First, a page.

Swear on This Life by Renee Carlino
The plot was not action packed, the conflicts were primarily internal - and it was perfect.
And you wouldn’t expect that from the cover. Oh, happy gold and blue colours. People holding hands. Fun! The description didn’t really prepare me either, but that’s not the fault of the author as much as it is the fault of every other author who promises a heartfelt ride through a dark childhood and doesn’t fully deliver. And maybe it’s not that they don’t fully deliver, but that Renee Carlino delivered to a degree that most people just can’t.
I don’t know what to think anymore because I’m just a big mess of feelings. So. Many. Feels.
I feel like I’ve just lived a whole other life. I feel like I was at the end of that long, dusty road, wishing for something better and playing games of make believe with the childhood best friend that I was always destined to love. I just feel. Full stop.
To sum it up plainly, because I don’t think I could do so properly without spending eight years at my laptop, Swear on This Life is the story of Emiline, who discovers that her childhood sweetheart has written a book about their childhood from her perspective, give or take a little fictional flair. It’s been twelve years since they last saw each other, but Emiline’s emotions still run deep.
I’m having a hard time putting this review into proper words, because I’m not sure how to describe what I just experienced. And I did experience it. I didn’t read about it. I didn’t watch it. I was there, right alongside Emi as she struggled in both the past and the present, and with Jase, much as I hated him for most of the book.
I think that’s where the real skill of the author comes in. I was just as hurt as Emi was at first, but I didn’t struggle with the same complicated feelings as her because I wasn’t her. There were swathes of her life that I hadn’t lived through. But because of the bits I did, I understood in the end. Does that make sense?
The plot was not action packed. The conflicts were primarily internal. And it was perfect. I’ve always been more of a fan of conflict driven plot, mostly because It’s hard for me (for whatever reason) to empathize with characters. Characters are important, don’t get me wrong, but they’ve never been my priority. I guess it’s more that if I go in with the expectation that I need to feel the characters are real, I will—more often than not—be disappointed. And that’s not fair, so plots are where it’s at. Except this book may have ruined me for all other characters. So many facets! So many degrees! So many emotions!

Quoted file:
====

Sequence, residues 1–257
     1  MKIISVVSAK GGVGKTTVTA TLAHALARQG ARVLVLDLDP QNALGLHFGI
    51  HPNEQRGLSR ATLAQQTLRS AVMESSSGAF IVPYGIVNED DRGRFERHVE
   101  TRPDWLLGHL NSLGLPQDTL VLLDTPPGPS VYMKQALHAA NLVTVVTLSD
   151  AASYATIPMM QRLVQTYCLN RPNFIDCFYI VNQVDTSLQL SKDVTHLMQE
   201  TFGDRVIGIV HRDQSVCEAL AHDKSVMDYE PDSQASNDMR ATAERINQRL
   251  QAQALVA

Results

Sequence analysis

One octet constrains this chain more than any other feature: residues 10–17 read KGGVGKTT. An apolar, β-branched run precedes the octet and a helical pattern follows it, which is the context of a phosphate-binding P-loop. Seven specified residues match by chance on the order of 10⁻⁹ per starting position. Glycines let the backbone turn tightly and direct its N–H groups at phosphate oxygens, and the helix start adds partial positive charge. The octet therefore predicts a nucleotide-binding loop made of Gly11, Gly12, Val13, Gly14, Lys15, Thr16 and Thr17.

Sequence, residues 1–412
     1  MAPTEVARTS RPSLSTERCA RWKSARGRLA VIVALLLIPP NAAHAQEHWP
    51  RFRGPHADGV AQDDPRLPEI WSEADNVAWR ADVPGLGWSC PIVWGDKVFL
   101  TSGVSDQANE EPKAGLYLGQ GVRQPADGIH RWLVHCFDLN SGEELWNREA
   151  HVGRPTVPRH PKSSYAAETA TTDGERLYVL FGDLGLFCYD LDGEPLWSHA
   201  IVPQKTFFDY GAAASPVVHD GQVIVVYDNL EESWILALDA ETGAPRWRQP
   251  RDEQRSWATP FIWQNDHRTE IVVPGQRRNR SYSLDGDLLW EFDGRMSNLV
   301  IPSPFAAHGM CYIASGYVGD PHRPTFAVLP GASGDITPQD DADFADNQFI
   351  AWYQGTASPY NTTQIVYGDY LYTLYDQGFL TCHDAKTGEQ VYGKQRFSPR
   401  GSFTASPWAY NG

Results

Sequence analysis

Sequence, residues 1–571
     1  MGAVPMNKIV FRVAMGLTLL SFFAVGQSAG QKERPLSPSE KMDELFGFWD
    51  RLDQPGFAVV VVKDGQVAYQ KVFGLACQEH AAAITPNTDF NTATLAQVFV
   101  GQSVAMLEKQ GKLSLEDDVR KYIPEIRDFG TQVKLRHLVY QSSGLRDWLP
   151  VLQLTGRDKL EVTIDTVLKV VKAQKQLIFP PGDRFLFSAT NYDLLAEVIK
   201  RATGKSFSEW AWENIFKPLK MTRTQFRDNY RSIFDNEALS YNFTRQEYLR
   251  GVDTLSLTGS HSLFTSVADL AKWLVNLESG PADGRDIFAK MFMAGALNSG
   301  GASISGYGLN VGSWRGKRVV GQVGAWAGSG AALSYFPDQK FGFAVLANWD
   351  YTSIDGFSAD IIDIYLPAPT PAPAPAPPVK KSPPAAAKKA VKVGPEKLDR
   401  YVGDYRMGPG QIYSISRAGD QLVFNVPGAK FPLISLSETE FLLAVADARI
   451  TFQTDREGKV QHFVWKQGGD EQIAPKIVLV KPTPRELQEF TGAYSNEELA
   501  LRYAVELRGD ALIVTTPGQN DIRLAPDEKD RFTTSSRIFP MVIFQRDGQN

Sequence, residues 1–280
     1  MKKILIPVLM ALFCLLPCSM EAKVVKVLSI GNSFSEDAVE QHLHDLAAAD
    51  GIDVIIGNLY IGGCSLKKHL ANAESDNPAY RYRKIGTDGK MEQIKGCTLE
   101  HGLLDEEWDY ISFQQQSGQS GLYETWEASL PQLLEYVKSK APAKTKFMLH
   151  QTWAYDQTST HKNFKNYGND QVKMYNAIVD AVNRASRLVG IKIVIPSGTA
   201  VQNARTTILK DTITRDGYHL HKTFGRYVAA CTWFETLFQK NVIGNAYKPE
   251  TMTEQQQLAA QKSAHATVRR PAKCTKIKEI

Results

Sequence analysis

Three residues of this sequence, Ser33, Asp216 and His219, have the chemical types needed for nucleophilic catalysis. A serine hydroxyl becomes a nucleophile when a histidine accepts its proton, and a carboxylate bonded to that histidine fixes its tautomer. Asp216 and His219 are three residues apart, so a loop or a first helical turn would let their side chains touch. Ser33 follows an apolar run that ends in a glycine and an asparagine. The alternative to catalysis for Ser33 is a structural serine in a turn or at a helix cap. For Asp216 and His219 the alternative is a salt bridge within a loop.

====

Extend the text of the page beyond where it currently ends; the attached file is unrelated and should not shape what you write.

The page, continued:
Jase, you little shit. You made me so mad for so long, even when you were trying to make things right you made me mad. And then you made me not mad. Oh god I’m tearing up again just writing this. This didn’t happen! Why am I so upset?! And poor Emi, who has been through so much and is so shitty at dealing with it. Both of them were so beautifully flawed, and they worked so goddamn well together.
I wish I could comment more on the writing but I feel like I was too wrapped up in the story to notice. That’s not something that’s ever really happened to me before. I assume it must have been good, then, if there was nothing jarring that pulled me out of it. But, frankly, this novel could have been put through a shitty word spinner and it still would have cut a hole in my chest.
My only real complaint was that every loose end in the story was cleaned up a little too tidily. It began to feel overtly saccharine. Then again, I’m gonna be honest here—I needed it. I’m not sure I could have survived being left with any more ache in my heart from the primary story, even if it was a tiny bit of hurt feelings from one of the side characters. I’m for real about the crying. I cried no less than five times over the course of the story, almost from beginning to end, not including the wee sniffles I had in between.
So if you’re ready to feel some things—and please be ready—then pick this book up. 5/5 teary stars!